The theory of the continuity of vegetation and the related concept of the ecological individuality of plant species were substantiated independently by Ramenskii (1910, 1924), the American scientist H. Gleason (1926), the Italian G. Negri (1914), and the French scientist F. Lenoble (1926). At first the theory of the continuity of vegetation failed to receive recognition, but in the 1940’s it was developed successfully by American scientists, including J. Curtis and R. Whittaker; it was later recognized in other countries. Advocates of the theory synthesized the methods of ordination (community arrangement), identifying types of phytocoenoses on the basis of their susceptibility to environmental change, for example, in amount of moisture and level of soil fertility. Ordination has also been used successfully by those who advocate the theory of noncontinuous phytocoenoses, for example, V. N. Sukachev, who arranged the groups of forest associations he had identified into ecological phytocoenological series.
Ecological studies of the earth’s vegetation were synthesized by H. Walter in his monograph Vegetation of the Globe: An Ecological-Physiological Description (Russian translation, 1968–75). A theory formulated in the USSR and later in the USA held that vegetation could be used as an indicator of plant growth conditions; adherents of the theory included B. Keller (1912) and F. Clements (1920). Methods were later developed to devise ecological scales based on vegetation composition, for use as an environmental indicator; significant work in this area was done by Ramenskii (1938; with co-workers, 1956) and H. Ellenberg (1950, 1952, 1974). The Soviet botanist S. V. Viktorov and other scientists also proved that vegetation could be used as an indicator in geological and hydrological research.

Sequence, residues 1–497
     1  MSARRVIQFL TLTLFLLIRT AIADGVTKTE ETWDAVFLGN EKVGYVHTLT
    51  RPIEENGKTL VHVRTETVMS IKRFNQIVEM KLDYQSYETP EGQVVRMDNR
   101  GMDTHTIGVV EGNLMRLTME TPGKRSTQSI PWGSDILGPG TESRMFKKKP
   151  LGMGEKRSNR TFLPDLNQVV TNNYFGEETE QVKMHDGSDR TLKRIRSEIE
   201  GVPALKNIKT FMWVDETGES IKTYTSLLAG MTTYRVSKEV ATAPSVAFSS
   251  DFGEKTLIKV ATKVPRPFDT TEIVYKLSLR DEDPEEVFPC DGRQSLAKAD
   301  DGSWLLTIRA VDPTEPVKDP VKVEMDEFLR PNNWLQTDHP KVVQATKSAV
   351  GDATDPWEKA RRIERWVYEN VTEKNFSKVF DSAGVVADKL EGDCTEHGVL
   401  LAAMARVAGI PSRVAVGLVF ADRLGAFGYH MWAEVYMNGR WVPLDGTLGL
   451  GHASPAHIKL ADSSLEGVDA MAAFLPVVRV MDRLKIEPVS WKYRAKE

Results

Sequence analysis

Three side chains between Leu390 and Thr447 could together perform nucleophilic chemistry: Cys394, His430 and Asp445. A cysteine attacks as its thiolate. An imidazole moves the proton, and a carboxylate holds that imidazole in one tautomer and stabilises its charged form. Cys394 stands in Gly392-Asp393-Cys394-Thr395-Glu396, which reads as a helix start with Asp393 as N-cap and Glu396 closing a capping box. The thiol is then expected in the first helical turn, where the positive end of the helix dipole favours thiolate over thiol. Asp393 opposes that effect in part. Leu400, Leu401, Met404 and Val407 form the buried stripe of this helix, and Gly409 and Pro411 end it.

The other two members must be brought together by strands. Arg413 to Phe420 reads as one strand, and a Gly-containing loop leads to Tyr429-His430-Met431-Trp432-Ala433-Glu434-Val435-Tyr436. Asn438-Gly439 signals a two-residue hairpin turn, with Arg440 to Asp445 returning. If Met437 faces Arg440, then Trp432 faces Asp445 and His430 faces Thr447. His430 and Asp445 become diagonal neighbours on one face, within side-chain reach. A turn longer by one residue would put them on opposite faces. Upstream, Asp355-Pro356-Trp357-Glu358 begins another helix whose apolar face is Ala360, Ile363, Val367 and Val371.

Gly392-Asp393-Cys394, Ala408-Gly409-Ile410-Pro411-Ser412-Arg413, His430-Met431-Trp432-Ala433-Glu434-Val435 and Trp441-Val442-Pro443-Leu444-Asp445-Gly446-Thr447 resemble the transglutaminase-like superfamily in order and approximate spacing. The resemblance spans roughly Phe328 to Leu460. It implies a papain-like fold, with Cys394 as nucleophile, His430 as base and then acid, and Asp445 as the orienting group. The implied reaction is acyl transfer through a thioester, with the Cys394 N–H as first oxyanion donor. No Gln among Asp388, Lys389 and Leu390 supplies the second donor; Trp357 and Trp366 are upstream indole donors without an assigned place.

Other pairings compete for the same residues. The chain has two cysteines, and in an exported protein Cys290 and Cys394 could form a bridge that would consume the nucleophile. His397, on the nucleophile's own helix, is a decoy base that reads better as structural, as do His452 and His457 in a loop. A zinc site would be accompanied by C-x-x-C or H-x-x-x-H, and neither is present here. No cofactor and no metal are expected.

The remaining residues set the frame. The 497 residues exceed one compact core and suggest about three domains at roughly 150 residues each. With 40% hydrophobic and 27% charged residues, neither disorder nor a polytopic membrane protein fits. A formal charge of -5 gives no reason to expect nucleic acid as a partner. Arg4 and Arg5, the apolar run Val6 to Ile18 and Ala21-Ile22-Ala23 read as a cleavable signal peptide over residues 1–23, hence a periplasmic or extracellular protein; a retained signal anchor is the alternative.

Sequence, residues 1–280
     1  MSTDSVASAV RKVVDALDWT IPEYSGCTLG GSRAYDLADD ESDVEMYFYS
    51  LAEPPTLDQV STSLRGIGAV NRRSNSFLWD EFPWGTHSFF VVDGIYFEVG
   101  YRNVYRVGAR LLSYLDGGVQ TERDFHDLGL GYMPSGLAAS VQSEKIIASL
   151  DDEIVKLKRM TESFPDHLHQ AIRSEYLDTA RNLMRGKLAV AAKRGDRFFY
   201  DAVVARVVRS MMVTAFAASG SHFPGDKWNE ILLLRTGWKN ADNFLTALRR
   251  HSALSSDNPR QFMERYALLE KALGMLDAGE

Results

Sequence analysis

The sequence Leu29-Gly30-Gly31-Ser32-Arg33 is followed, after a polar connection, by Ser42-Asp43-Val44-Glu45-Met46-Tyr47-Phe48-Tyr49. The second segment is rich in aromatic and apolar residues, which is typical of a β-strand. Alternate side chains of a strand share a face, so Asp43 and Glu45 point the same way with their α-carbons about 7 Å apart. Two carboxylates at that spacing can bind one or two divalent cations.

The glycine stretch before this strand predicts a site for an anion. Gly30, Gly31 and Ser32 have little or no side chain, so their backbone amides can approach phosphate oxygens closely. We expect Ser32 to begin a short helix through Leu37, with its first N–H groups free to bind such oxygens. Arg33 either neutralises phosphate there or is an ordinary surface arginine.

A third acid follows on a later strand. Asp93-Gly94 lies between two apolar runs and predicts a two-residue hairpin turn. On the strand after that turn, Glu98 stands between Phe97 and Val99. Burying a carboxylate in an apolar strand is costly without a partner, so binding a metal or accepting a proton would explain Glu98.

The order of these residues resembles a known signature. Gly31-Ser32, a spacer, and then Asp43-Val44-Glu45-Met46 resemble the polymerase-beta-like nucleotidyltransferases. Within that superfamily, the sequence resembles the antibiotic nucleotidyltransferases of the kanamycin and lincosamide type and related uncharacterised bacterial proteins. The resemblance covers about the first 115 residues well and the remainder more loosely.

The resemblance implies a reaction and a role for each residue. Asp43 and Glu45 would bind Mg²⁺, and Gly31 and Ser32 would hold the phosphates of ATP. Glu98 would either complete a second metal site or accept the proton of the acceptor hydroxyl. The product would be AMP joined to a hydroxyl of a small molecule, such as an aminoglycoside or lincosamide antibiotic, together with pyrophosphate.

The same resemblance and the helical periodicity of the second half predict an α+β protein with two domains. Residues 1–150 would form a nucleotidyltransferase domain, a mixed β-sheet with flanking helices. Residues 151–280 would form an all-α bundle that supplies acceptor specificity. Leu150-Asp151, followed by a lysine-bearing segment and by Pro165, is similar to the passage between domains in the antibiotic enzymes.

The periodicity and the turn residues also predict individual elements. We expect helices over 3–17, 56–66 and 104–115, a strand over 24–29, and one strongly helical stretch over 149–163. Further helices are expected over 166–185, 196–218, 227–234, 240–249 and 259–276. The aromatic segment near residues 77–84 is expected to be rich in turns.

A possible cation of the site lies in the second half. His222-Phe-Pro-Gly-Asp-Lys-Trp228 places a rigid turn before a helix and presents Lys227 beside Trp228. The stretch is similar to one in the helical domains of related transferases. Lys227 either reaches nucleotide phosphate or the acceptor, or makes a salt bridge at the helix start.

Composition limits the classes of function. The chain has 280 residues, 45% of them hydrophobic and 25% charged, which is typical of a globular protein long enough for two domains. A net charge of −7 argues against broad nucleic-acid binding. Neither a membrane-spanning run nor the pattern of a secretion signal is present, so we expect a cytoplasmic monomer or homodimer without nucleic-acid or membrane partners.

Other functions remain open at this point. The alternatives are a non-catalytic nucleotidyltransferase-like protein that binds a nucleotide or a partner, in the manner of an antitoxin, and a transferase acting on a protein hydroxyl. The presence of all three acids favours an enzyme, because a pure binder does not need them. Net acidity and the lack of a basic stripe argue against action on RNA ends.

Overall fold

The biological trend in phytocoenology, established by the Swiss botanist A. De Candolle (1820, 1832), became highly developed after the publication of Darwin’s On the Origin of Species in 1859. The adherents of De Candolle and Darwin believed that the composition, structure, and dynamics of plant communities are determined not only by climate and soil conditions but also by mutual relations among plants. In the 1870’s and 1880’s this trend was further developed by the Russian scientists N. F. Levakovskii and S. I. Korzhinskii. In the 20th century it was studied by G. F. Morozov and V. N. Sukachev. Sukachev and A. P. Shennikov conducted experiments in the mutual relations among plants in phytocoenoses, thus leading to another field of study, experimental phytocoenology.